The U.S. Government Accountability Office released a report Wednesday saying that employees switching jobs often receive guidance by 401(k) companies to roll their accounts into an IRA, even when that might not be the best course of action. But what does this mean for advisers?

 “The report didn’t show enough about why people make the choices they do,” says Lisa Bleier, managing director of Securities Industry and Financial Markets Association, referring to the rollover into IRAs. “Advisers are just trying to educate folks, they’re not trying to scheme. But we’re taking the comments to heart and will work with regulators.”

She says she spoke to an adviser this morning about how he’s created charts to navigate individuals through the path of choices with a 401(k) when changing jobs. A lot of information is already out there but “we agree the more information, the better,” Bleier says.

 “We should not be tilting the clients one way or the other,” says Kent Mason, partner at Davis & Harman, a Washington-based employee benefits law firm. “In different situations, different measures should be taken.”

Ahead this year

Mason says the GAO also makes very clear that if plan sponsors and advisers have fiduciary liability attached to communications they tend to “pull way back.” In other words, if the U.S. Department of Labor attaches fiduciary liability to 401(k) advising, information for consumers could “dry up completely,” Mason says. The DOL has publicly noted the possibility of extending fiduciary liability to encompass advisers and plan sponsors.

 “It’s a real problem that could hurt the consumers, and also prevent intermediaries like advisers from doing their job,” says Mason. But according the Investment Company Institute, a lobbying organization for the financial services industry, it’s doubtful the DOL will take the GAO’s cautionary report into consideration. An ICI spokesperson said Wednesday that even though GAO was clear about the effects of fiduciary extension to advisers, the group is “schizophrenic” and goes on to essentially endorse it.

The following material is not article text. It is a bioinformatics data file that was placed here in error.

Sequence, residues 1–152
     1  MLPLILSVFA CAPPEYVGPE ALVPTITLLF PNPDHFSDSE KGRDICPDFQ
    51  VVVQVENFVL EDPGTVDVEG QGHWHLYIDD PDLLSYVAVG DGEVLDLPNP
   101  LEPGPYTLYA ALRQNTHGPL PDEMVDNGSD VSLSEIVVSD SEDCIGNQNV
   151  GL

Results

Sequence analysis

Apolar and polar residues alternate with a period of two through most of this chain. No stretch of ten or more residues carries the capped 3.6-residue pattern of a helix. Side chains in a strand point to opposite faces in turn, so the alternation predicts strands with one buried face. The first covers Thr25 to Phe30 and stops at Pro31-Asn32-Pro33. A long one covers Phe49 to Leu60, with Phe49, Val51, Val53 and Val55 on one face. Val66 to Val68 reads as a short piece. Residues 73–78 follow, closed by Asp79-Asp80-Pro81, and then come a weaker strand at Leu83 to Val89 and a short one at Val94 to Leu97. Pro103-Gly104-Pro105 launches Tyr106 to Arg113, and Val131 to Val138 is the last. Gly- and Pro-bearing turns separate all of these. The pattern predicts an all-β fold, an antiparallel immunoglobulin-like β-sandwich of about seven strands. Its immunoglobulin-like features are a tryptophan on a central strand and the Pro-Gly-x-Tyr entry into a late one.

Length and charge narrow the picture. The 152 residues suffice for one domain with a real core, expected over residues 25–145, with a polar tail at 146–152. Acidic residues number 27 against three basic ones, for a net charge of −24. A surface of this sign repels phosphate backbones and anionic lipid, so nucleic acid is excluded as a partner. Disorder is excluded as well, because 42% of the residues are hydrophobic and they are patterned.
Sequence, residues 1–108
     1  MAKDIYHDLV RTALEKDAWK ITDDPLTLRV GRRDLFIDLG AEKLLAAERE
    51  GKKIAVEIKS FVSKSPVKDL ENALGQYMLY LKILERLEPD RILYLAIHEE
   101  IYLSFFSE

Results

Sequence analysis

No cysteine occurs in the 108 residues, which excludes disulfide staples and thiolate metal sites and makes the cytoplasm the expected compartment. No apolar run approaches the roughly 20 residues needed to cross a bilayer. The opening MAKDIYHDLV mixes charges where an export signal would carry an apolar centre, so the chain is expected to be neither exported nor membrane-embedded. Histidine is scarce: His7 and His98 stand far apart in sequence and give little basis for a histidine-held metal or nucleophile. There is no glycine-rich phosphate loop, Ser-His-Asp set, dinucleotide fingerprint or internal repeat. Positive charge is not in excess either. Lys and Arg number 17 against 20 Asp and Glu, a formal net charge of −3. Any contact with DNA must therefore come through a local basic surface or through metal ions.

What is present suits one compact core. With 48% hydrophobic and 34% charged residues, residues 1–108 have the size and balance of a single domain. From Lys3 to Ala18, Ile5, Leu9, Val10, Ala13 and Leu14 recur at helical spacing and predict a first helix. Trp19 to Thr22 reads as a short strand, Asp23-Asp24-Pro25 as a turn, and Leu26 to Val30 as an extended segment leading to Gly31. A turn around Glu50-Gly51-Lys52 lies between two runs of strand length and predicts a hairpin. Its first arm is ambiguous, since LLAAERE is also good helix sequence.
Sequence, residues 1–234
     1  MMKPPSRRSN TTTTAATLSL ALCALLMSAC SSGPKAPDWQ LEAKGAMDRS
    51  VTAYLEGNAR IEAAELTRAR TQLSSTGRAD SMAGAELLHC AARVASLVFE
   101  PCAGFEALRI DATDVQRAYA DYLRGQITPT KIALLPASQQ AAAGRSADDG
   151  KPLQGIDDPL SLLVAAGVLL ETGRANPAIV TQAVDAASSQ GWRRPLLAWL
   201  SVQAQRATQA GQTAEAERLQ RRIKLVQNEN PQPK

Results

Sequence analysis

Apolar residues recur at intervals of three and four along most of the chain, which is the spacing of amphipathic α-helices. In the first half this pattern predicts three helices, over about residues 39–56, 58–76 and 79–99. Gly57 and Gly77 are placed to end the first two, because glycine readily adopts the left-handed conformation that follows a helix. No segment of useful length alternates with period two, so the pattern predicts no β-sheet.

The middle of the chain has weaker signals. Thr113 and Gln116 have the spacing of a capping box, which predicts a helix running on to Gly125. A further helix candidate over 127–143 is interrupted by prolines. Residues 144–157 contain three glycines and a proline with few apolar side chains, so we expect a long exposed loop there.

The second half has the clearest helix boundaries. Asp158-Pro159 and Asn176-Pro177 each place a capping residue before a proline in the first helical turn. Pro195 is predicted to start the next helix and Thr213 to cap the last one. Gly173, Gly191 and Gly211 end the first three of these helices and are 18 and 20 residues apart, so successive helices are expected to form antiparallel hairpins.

“We remain committed to the distinction between fiduciary advice, on the one hand, and education, on the other, and believe we can provide additional clarity with respect to such important educational activities,” wrote Phyllis C. Borzi, assistant secretary for employee benefits security administration at DOL, in an appendix to the GAO report. A DOL spokesperson did not provide information on when the guidance might be available, or if it will be delayed, but Mason says it’s widely indicated that will be sometime in July.

SIFMA’s Bleier also thinks there’s little hope that DOL retract its intent to extend fiduciary liability to rollover conversations. “We hope some of what they learned … would temper the extent,” she says.

That sentiment seems to echo throughout the industry. “We support exploring the GAO recommendations to make the process easier for participants. At the same time, we also agree with the GAO that any new regulations should not go too far and inadvertently result in limiting investors’ and employers’ access to essential services,” says Greg Burrows, senior vice president of retirement and investor services at The Principal.


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